How License Pricing Works

Tresóna is a platform that helps connect licensees with rightsholders and that makes acquiring licenses as easy as possible for both parties. As such, we don't set license prices - those are set by the rights holders themselves (typically, music publishers).

We've seen license prices ranging from about $150 to over $1,000, depending on an ensemble's details (like ensemble type, organization type, number of performers, length of use, and other publisher-dependent factors).

Since each publisher prices its own compositions independently of Tresóna and other publishers, we aren't able to provide a firm price quote up front.

Additionally, each composition within a medley is priced according to the other compositions within that medley, so we aren't able to provide a firm price on any one composition in a medley until we have received publishers' prices for all compositions within that medley.

To get a firm price quote, you can follow the steps below.

  1. Submit requests for all of the compositions you need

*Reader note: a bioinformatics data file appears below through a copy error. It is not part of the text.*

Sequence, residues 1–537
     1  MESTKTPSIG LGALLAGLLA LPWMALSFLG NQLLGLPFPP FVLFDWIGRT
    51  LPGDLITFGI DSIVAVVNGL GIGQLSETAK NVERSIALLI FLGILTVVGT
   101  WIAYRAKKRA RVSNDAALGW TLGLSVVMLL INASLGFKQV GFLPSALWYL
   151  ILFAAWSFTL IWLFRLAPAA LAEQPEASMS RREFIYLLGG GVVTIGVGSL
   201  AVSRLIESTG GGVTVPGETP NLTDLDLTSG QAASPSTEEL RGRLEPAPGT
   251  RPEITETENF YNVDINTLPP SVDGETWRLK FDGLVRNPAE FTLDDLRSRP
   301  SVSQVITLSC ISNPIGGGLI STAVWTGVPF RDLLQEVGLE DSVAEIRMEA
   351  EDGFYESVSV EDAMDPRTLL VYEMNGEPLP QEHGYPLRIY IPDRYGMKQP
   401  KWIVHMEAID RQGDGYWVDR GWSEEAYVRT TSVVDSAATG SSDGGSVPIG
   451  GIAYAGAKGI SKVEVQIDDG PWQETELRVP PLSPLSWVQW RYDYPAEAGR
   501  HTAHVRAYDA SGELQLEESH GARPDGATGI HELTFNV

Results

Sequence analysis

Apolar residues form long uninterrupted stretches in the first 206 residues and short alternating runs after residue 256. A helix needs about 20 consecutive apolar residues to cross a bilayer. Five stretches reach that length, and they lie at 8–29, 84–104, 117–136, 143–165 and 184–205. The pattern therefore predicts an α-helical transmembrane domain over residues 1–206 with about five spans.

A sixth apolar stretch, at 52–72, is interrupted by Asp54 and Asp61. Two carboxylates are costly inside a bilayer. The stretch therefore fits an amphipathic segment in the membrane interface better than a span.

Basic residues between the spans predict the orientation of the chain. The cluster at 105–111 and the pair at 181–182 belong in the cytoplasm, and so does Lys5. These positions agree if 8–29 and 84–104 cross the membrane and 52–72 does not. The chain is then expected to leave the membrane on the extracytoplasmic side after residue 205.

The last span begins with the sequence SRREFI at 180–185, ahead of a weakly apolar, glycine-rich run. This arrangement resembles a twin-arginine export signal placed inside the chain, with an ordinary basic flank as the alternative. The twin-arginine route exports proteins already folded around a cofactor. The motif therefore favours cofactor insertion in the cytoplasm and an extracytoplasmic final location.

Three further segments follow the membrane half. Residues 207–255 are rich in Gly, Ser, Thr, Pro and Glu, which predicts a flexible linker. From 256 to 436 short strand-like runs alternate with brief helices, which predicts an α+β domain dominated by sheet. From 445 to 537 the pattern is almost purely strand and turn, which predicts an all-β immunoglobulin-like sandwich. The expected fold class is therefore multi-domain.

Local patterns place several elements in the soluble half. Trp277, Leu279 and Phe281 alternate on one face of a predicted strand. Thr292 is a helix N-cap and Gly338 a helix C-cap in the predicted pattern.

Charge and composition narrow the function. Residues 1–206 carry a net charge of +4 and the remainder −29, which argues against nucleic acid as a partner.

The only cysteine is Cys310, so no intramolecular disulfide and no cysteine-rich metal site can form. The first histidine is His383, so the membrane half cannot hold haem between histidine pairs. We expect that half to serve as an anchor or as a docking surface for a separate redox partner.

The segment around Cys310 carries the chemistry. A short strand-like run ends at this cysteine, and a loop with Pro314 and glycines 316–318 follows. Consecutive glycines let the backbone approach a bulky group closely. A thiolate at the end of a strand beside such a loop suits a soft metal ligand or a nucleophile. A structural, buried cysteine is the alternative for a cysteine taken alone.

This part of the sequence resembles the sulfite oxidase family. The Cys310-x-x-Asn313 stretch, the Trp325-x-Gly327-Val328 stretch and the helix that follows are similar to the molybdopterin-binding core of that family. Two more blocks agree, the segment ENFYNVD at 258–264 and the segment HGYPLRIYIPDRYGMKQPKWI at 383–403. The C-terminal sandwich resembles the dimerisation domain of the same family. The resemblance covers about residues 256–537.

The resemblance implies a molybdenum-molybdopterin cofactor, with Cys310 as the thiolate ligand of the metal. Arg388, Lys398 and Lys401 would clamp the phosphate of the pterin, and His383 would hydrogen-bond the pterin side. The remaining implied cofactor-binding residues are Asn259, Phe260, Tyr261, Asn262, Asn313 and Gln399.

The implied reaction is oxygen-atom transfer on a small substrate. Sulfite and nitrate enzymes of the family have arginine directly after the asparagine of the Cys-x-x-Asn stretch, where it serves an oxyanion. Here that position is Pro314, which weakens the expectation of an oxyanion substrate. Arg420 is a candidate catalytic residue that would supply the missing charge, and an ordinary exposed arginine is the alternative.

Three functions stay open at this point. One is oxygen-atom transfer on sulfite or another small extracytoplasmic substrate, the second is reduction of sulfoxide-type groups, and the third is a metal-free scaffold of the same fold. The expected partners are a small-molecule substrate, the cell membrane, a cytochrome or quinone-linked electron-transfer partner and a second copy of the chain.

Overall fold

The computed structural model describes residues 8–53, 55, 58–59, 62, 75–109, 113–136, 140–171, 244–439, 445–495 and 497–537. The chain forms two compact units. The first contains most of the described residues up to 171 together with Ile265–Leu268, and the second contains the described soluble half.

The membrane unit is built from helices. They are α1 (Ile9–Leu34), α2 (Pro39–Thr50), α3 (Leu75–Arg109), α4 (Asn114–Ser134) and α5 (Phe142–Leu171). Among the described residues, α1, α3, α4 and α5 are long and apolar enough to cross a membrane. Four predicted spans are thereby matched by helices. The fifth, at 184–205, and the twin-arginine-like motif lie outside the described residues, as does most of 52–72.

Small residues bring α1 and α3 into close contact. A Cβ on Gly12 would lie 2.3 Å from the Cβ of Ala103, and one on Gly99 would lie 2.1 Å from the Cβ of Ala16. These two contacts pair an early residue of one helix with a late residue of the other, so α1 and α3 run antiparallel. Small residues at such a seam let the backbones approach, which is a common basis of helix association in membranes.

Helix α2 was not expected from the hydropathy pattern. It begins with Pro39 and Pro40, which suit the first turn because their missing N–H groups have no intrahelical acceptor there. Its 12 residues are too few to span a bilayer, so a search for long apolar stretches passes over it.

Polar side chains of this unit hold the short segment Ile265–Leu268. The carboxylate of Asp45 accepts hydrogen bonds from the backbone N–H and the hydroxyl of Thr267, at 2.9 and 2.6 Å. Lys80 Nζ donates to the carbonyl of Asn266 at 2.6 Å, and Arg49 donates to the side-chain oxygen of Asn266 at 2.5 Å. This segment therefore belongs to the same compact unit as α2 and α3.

2. Wait for license approval (we'll email you as each composition is approved)
    • Medley / Sync request: wait until you've received approval for all of the compositions within your request
  3. Log into your Tresóna account, click on your 'licenses' tab from the top menu, find your request in the list, and hit the 'Print Invoice' button in that request's 'Action Required' column
  4. Either pay for the request if you're happy with the price, or email us to cancel the request if the price is too high for your ensemble

Why do I owe more for a license that I've already paid?

This can happen when you submit a request that contains more than one composition, as each composition's price is determined by the price of every other composition in the same request. Here's an example of how this works:

  1. You submit a request for two compositions in medley
  2. One composition is approved for $200 one day later
  3. You pay for this composition as soon as you receive the approval notification
  4. The second composition is approved a day later for $300.
  5. You login to pay for this second composition, and notice that your invoice lists you as owing $300 for this composition plus $100 for the first composition that you already paid.

In this example, the higher price of the second composition triggered a price increase for the first composition in the same request. Even though you already paid for the first composition, you'll need to pay the difference between what you've already paid and the new price of the composition.

While we do our best to get prices from publishers up front, publishers are free to change their prices as they see fit and thus we're not able to provide price quotes with 100% accuracy until all compositions within a request are approved.